US District Court Holds “Gist of the Action” Doctrine Bars Parallel Negligence Claim for Property Damage Where the Essence of Plaintiff’s Claim Was for Breach of Contract

Federal Insurance Co. v. Philotimo, Inc.
2009 U.S. Dist. Lexis 108105 (W.D.P.A. Nov. 19, 2009)

Homeowner hired defendant to inspect and clean its fireplace and chimney after observing chunks of mortar falling into the fireplace. Homeowner showed defendant’s technicians the fallen mortar. The technicians cleaned and visually inspected the chimney and reported to homeowner that it “looked good.” Thereafter, an extensive fire swept through the house causing over $400,000 in damage.

Following the fire, homeowner’s insurer commissioned an inspection which revealed numerous signs of damage and disrepair to the chimney that suggested defendant’s technicians should have instructed homeowner not to use fireplace and chimney until repairs were made.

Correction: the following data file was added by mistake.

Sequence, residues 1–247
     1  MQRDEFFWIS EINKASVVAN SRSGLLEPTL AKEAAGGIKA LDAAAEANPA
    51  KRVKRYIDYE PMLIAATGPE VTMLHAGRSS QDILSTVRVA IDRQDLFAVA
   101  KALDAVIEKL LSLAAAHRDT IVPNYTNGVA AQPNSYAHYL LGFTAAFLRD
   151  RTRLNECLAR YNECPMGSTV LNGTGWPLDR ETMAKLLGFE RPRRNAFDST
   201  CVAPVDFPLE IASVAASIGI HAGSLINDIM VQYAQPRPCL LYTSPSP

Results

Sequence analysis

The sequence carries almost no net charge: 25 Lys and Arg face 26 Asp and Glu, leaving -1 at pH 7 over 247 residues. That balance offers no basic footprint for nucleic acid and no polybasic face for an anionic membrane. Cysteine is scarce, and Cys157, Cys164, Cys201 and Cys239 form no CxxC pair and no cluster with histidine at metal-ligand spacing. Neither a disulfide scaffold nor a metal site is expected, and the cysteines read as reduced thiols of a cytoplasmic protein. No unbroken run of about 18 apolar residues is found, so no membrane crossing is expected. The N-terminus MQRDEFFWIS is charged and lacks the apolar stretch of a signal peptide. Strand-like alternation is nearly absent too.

The insurer initiated a subrogation action in which it alleged that defendant had failed to perform its contractual obligations in a safe and professional manner and was liable for both breach of contract and negligence. Defendant moved for summary judgment on breach of contract claim. The court denied the motion for summary judgment, but independently raised the issue of whether the negligence claim was barred by the “gist of the action” doctrine. Under this theory, a plaintiff is barred from bringing a tort claim that is merely repetitive of the underlying contract claim when the cause of action stems from contract. Stated differently, if the “gist” of the action sounds in contract, a party cannot bring its claim in tort.

In holding that the “gist of the action” doctrine barred the negligence claim, the Court found that the matter before it arose from the contractual relationship between the parties. The alleged breach of contractual duties was the essence of action. Accordingly, Plaintiff could not maintain its overlapping negligence claim, which was dismissed.

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